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My tentative understanding from two previous stackexchange posts listed at the end of this post (one my own) is that an object being swung in a circle with a rope possesses an internal rotational energy about its center of mass. However I don't feel totally confident in my conclusion because this perspective is new to me, and I want to ask a follow-up question about a pendulum (which was not addressed in the previous stackexchange posts) to check my understanding.

Is the simple basic conservation of energy equation relating gravitational potential energy and translational kinetic energy

$$ mgh_{i} + 1/2mv^{2}\, _{i} = mgh_{f} + 1/2mv^{2}\, _{2}$$

not totally exact for any real pendulum? It seems to me that some of the initial gravitational potential energy contributes to the internal rotational energy component at the expense of the translational energy component. Only at the top of the pendulum's swing, when the angular rotation direction changes direction does the angular rotational energy equal zero. Thus at the bottom of the swing, when the pendulum is moving the fastest, its translational speed will be less than that of a free-falling body dropped from the same height.

It is surprising to me that I haven't seen this point mentioned in texts that I've read, especially since the texts mention the small-angle approximation for the derivation of the equation of motion. I think that I see that this internal rotational energy term can be neglected under conditions of very long pendulum arm length. My purpose in asking this question is not to do a gotcha of the textbooks, as I realize that physics frequently makes use of limiting cases. I am just trying to better understand rotational motion, which my previous question had also addressed.

Along the same line of reasoning, would the full energy analysis of other common systems like a frictionless rollercoaster or brachistochrone also require a rotational energy term?

See Does angular momentum exist around the moving center of mass of a released swinging rigid body?

and this stackexchange question

Rotational Kinetic Energy of a Pendulum

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    $\begingroup$ Look at compound physical pendulum in link, where they mention the effects of rotation of extended masses in the energy balance. The reason why this is not mentioned often in physics textbooks is because in most cases the mass at the end of the pendulum is considered punctual, the extended case is maybe mentioned when covering rotational dynamics. $\endgroup$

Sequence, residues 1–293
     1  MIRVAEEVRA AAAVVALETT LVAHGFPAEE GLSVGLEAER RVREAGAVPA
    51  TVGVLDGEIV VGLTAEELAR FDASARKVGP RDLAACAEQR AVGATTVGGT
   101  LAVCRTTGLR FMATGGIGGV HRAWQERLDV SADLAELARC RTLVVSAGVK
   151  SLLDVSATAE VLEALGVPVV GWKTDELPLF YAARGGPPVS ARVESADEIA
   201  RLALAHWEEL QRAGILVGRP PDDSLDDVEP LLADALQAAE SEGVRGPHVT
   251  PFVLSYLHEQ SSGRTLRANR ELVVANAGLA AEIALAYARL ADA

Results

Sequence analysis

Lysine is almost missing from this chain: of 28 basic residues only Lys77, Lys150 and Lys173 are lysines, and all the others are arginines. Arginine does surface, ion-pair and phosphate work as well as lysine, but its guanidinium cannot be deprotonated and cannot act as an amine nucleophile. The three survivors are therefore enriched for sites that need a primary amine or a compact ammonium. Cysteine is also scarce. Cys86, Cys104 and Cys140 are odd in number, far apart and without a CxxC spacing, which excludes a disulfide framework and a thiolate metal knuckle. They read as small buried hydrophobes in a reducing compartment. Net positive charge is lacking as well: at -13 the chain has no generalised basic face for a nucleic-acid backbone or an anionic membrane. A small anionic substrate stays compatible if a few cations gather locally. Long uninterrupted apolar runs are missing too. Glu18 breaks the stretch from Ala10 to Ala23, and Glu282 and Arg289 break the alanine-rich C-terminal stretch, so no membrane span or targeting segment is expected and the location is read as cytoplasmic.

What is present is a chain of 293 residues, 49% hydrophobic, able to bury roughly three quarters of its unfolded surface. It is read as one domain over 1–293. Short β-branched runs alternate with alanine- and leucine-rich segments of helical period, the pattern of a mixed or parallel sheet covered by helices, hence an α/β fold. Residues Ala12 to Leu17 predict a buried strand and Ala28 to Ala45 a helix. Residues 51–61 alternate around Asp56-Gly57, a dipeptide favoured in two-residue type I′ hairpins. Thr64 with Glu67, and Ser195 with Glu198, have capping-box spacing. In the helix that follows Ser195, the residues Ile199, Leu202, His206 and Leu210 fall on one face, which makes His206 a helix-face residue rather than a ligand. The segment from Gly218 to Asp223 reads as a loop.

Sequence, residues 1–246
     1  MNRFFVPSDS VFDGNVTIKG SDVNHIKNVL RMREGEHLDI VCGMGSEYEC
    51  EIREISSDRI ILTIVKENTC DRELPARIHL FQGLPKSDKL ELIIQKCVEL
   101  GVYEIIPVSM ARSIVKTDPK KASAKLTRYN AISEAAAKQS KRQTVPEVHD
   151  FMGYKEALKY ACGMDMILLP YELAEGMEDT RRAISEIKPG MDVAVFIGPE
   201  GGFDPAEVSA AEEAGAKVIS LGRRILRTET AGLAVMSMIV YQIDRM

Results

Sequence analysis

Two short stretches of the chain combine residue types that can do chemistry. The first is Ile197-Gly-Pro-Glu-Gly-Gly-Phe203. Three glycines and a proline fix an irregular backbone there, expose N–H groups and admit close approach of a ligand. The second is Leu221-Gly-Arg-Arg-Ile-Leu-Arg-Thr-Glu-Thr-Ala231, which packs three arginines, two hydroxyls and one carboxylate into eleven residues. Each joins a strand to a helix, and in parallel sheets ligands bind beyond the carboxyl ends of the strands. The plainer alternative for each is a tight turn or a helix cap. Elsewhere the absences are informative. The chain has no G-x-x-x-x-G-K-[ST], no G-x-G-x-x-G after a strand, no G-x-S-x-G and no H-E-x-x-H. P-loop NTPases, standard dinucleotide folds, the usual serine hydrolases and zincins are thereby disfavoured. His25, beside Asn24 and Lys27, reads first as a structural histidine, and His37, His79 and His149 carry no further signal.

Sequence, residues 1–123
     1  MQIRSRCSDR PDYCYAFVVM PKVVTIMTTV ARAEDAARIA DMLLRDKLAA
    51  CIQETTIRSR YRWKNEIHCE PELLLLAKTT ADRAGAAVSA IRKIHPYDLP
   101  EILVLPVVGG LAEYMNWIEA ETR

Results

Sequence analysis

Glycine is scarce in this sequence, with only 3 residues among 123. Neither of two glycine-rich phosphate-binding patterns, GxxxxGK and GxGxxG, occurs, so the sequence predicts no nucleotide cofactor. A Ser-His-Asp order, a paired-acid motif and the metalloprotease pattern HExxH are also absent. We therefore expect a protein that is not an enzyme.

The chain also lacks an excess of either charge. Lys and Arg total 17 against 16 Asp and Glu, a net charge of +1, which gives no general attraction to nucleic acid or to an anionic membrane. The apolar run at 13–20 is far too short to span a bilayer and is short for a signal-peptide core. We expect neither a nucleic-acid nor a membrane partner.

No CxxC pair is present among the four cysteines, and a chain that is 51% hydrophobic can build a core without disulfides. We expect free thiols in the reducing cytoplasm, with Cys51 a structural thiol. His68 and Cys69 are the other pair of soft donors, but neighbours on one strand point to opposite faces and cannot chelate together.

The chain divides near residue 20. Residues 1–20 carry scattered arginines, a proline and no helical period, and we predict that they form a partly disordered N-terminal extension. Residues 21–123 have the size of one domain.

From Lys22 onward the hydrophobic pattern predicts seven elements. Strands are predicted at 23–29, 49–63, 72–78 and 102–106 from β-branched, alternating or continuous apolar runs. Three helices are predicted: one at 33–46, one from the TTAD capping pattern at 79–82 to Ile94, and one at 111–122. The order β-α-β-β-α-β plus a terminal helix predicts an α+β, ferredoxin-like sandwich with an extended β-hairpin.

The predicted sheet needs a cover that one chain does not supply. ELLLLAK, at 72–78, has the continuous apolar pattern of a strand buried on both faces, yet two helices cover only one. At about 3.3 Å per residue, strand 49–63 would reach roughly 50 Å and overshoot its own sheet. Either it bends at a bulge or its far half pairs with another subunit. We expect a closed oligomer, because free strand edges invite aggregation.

– secavara
    Apr 4 '21 at 20:03
  • $\begingroup$ thanks I was wondering about that exact case, that makes perfect sense $\endgroup$
    – lamplamp
    Apr 4 '21 at 20:58
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    $\begingroup$ @lamplamp to capture the rotational aspect you can use energy = $(1/2)I\omega^2$ where $I$ would be the moment of inertia about the pivot and $\omega$ is the angular velocity at the bottom of the swing. Here the entire pendulum including the rope is assumed to be a rigid body with a defined mass and center-of-mass (for calculating potential energy). $\endgroup$
    – Roger Wood
    Apr 4 '21 at 22:30
  • $\begingroup$ thanks that makes sense $\endgroup$
    – lamplamp
    Apr 5 '21 at 4:40
  • $\begingroup$ Are we talking about a solid body, or a point particle in the end of the pendulum? $\endgroup$
    – JAlex
    Apr 6 '21 at 14:07
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The most general case is that of a solid rigid body attached to the end of the pendulum. The initial potential energy is converted into kinetic energy at the bottom of the swing.

fig1

Kinematically the speed of the center of mass is linked to the rotation of the pendulum $$ v_f = \ell \omega_f$$

The solid object has not only mass $m$ but mass moment of inertia $I$ about the center of mass.

$$\begin{array}{r|l} \text{quantity} & \text{expression} \\ \hline \text{initial potential energy} & PE = m g h_i \\ \text{final kinetic energy} & KE = \tfrac{1}{2}m v_f^2 + \tfrac{1}{2} I \omega_f^2 \\ \end{array}$$

Equating the two gives

$$ m g h_i = \tfrac{1}{2}m v_f^2 + \tfrac{1}{2} I (v_f/\ell)^2 $$

or

$$ m g h_i = \tfrac{1}{2} (m + I/\ell^2 ) v_f^2 $$

$$ \Rightarrow \;\;\; v_f = \sqrt{ \frac{2 m g\, h_i}{m + I/\ell^2} } $$

So only if the object is a point mass with $I=0$ the above equals the falling speed of

$$ v_f = \sqrt{ 2 g\,h_i } $$

The way to think about it is in terms of energy. If there is a rotational energy component $\tfrac{1}{2} I \omega^2$ included then the translational kinetic energy is going to be less than the potential energy.

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